Wouldn't you remember if somebody's lawyer accused you of sexual harassment, and you were innocent?
I would like to think Cain used that incident as a teachable moment for himself, even if he was completely innocent. For example, were there things he could have done differently to avoid even being accused? Were there attitudes about women he needed to refine in order to be more gallant towards them in the future? Good grief - even if his accusers were lying through their teeth, did they have character traits he should learn to spot in the future so he could avoid people like them?
Interestingly, it's not the accusations that are rapidly tarnishing his reputation anyway, but his constant revisions of the events, almost as if his lawyers doing damage control in the background are trying different word choices to see if something will stick.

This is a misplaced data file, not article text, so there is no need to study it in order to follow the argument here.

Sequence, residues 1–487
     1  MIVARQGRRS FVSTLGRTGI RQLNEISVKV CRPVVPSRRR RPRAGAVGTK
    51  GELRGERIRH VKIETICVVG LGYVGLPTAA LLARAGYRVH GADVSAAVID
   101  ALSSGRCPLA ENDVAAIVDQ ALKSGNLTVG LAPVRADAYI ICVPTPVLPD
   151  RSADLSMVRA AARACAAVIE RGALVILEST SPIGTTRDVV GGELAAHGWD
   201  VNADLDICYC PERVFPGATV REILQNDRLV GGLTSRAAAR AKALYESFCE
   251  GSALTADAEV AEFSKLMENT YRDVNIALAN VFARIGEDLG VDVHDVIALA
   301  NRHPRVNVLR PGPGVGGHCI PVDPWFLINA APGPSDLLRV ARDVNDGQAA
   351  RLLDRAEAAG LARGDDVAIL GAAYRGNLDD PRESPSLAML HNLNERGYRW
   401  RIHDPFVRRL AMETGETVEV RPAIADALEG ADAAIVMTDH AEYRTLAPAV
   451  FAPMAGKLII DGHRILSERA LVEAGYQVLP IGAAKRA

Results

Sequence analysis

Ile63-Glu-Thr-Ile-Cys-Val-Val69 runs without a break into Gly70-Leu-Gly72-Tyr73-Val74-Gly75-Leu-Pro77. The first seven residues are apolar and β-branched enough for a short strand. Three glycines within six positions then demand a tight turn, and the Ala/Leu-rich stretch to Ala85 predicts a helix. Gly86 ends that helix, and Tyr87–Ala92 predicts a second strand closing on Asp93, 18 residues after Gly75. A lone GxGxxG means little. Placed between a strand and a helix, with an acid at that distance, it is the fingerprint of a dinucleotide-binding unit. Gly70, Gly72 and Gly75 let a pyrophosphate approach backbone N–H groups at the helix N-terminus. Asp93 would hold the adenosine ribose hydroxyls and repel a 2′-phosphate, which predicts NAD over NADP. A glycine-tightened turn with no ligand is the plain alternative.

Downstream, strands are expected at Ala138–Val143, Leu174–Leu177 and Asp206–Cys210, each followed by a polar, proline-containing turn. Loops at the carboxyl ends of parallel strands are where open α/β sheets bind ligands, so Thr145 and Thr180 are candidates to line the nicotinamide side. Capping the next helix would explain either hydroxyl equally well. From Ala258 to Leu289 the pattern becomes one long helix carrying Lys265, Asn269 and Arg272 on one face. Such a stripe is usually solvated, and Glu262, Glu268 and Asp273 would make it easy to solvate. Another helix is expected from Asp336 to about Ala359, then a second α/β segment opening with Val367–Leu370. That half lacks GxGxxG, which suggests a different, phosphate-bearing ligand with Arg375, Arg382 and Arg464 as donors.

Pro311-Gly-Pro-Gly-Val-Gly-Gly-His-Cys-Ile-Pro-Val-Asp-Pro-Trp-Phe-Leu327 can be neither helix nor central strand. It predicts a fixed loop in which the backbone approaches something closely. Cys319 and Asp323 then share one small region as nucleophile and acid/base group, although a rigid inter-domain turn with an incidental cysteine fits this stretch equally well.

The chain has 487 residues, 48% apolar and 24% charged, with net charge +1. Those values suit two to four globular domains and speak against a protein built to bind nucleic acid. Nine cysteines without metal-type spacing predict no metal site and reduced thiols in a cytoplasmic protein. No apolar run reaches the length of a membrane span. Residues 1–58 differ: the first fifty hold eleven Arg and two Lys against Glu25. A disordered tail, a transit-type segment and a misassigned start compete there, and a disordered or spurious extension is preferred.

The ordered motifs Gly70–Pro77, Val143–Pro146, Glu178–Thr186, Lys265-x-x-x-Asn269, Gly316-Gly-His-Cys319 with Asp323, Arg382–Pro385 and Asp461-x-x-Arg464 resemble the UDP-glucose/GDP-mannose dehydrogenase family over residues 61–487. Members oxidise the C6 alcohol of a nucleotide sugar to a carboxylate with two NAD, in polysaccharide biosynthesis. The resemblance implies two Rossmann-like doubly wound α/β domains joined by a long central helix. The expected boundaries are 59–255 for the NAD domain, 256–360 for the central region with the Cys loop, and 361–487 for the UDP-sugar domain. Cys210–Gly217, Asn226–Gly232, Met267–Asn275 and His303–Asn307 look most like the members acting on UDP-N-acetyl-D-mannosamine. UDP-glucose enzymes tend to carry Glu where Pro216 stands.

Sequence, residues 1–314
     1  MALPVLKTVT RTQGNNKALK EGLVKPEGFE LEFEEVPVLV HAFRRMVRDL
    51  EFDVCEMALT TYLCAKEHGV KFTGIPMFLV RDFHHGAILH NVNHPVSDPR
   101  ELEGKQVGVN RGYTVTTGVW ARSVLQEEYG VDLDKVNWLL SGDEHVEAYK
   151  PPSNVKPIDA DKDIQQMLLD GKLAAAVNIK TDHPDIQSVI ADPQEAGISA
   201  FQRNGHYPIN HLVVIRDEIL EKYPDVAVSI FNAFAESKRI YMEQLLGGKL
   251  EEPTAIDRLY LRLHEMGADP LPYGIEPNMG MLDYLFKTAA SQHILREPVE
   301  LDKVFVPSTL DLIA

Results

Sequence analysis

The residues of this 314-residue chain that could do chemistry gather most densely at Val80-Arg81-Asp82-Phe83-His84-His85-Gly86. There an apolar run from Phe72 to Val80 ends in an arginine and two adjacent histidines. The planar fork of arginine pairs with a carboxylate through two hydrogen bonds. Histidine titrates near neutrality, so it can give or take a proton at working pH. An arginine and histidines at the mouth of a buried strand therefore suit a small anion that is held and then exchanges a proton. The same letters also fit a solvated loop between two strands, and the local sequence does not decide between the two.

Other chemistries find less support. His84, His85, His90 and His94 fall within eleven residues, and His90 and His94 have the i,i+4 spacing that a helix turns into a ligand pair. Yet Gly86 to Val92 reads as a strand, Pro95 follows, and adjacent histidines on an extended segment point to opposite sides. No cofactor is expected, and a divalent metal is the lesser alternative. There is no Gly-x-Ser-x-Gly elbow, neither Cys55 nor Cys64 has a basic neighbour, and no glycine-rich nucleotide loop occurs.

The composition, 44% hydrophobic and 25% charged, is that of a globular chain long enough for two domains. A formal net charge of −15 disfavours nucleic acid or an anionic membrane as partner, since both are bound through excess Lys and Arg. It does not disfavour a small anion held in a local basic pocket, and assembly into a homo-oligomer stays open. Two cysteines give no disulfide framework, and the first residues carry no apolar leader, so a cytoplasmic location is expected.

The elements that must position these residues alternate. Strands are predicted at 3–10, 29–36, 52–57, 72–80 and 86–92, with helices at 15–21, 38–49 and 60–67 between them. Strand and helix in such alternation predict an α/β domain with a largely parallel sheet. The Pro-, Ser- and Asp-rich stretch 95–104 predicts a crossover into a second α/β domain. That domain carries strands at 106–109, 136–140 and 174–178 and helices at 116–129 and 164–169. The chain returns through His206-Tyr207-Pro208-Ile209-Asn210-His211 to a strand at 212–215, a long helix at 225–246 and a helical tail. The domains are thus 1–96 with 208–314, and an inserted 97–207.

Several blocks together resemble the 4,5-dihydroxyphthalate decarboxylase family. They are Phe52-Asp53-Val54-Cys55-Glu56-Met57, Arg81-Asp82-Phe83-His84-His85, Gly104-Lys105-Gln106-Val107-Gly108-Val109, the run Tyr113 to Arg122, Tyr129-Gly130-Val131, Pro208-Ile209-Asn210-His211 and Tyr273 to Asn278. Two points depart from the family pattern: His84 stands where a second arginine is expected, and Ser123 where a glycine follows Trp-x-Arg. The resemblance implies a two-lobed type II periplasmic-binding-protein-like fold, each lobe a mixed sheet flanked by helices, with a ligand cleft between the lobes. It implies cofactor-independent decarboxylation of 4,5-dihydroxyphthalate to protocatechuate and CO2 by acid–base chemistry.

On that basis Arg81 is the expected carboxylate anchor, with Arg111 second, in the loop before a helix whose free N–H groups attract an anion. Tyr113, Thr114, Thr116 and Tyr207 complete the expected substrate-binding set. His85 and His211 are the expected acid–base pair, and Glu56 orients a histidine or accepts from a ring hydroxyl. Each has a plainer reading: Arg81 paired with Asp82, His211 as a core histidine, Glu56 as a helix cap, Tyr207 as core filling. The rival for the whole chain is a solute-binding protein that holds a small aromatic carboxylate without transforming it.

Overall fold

Doomed to Repeat History?
What is it with these guys - and they're almost all guys - who think they can spin their way out of perceived problems? Because obviously, Cain and his advisers thought the allegations would be worse than their sloppy contrivances at covering them up. Watch any video on Cain's increasingly dubious explanations, and you can virtually watch his presidential chances withering in front of your eyes.
Despite some right-wingers desperate flurry of support for his campaign. And Tea Partiers dragging out their reliable - if inaccurate - rant of media witch hunting.